Robert Fuller Murray poems

Robert Fuller Murray(1863 - 1894 / United States)
Page 1Go

A Criticism of Critics

- by Robert Fuller Murray 93

How often have the critics, trained
To look upon the sky
Through telescopes securely chained,
Forgot the naked eye.

Within the compass of their glass
Each smallest star they knew,
And not a meteor could pass
But they were looking through.

When a new planet shed its rays
Beyond their field of vision,
And simple folk ran out to gaze,
They laughed in high derision.

They railed upon the senseless throng
Who cheered the brave new light.
And yet the learned men were wrong,
The simple folk were right.

A May-Day Madrigal

- by Robert Fuller Murray 90

The sun shines fair on Tweedside, the river flowing bright,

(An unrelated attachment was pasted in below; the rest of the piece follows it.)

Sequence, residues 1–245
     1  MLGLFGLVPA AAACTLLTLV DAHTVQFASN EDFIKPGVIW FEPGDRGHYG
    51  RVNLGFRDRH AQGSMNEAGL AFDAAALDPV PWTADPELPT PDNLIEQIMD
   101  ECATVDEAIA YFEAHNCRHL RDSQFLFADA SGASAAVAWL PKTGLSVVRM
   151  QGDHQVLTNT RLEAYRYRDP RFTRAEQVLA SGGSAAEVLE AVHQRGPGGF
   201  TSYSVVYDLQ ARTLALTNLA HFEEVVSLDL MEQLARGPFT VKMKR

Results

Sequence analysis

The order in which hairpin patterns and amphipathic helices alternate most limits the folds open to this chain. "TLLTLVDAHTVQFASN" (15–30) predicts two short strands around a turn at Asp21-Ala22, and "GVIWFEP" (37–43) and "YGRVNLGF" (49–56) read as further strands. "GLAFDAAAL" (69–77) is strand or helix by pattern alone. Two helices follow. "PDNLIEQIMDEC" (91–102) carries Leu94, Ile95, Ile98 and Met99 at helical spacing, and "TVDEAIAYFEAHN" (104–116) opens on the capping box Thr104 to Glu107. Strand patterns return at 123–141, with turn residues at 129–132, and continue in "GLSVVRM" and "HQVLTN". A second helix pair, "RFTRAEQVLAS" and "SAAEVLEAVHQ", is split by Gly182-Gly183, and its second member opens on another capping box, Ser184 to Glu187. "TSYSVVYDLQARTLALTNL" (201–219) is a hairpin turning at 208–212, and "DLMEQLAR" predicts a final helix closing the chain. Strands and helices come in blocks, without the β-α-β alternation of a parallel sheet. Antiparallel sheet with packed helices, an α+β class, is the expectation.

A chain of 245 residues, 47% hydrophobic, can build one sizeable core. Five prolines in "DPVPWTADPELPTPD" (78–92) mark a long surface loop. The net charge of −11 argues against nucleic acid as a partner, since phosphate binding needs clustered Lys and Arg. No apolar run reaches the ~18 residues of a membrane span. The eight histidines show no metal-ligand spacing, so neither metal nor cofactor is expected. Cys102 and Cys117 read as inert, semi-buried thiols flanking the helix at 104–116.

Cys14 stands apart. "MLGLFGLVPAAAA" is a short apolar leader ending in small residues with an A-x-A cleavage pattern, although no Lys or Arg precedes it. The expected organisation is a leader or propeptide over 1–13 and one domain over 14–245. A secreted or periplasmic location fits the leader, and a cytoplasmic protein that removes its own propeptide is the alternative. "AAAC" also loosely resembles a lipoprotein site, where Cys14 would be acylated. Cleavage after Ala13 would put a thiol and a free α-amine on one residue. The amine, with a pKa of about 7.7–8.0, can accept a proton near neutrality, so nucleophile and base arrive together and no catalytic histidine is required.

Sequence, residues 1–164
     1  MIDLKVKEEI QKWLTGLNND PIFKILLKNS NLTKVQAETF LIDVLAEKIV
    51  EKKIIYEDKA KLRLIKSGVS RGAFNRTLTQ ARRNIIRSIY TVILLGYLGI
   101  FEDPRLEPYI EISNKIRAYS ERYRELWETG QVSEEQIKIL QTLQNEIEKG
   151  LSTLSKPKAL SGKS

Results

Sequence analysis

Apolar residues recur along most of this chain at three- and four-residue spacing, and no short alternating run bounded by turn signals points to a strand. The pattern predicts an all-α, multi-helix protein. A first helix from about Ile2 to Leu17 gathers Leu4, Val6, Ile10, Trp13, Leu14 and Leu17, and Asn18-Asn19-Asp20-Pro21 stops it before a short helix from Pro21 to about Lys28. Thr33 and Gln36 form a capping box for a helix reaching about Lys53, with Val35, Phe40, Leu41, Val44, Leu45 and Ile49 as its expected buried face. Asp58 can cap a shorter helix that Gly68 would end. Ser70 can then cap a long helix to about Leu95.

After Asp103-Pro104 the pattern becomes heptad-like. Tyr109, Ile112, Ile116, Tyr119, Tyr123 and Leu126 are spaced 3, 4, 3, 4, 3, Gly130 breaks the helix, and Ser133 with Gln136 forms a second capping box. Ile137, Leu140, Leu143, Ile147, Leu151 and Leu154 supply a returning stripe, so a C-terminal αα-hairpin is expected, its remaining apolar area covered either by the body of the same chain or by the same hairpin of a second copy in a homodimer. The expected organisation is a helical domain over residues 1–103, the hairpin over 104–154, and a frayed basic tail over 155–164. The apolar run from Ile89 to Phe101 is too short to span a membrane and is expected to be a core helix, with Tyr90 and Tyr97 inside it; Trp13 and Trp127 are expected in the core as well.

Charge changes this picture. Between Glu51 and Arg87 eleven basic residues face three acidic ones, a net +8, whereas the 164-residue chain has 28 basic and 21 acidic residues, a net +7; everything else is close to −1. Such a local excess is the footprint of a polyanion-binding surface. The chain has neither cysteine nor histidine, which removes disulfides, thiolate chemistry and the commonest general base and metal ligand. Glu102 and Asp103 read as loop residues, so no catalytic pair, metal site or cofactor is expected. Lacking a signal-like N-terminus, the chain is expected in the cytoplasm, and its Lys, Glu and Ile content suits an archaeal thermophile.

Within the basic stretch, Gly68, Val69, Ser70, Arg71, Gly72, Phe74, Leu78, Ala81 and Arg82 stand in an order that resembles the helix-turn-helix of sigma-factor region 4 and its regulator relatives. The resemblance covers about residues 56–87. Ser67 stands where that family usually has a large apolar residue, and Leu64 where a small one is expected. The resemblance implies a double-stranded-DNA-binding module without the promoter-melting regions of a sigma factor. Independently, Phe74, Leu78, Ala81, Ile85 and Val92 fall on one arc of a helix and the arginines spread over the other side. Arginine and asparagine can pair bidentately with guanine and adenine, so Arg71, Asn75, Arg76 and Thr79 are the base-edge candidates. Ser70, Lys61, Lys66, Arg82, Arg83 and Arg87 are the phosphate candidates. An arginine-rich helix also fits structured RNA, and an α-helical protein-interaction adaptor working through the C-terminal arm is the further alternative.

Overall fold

Your heart is full of pleasure, your eyes are full of light,
Your cheeks are like the morning, your pearls are like the dew,
Or morning and her dew-drops are like your pearls and you.

Because you are a princess, a princess of the land,
You will not turn your lightsome eyes a moment where I stand,
A poor unnoticed poet, a-making of his rhymes;
But I have found a mistress, more fair a thousand times.

'Tis May, the elfish maiden, the daughter of the Spring,
Upon whose birthday morning the birds delight to sing.
They would not sing one note for you, if you should so command,
Although you are a princess, a princess of the land.

Page description:

Poems by Robert Fuller Murray, Robert Fuller Murray's poems collection. Robert Fuller Murray is a classical and famous poet (1863 - 1894 / United States). Share all poems of Robert Fuller Murray.

© Poems are the property of their respective owners, reproduced here for educational and informational purposes, and is provided at no charge.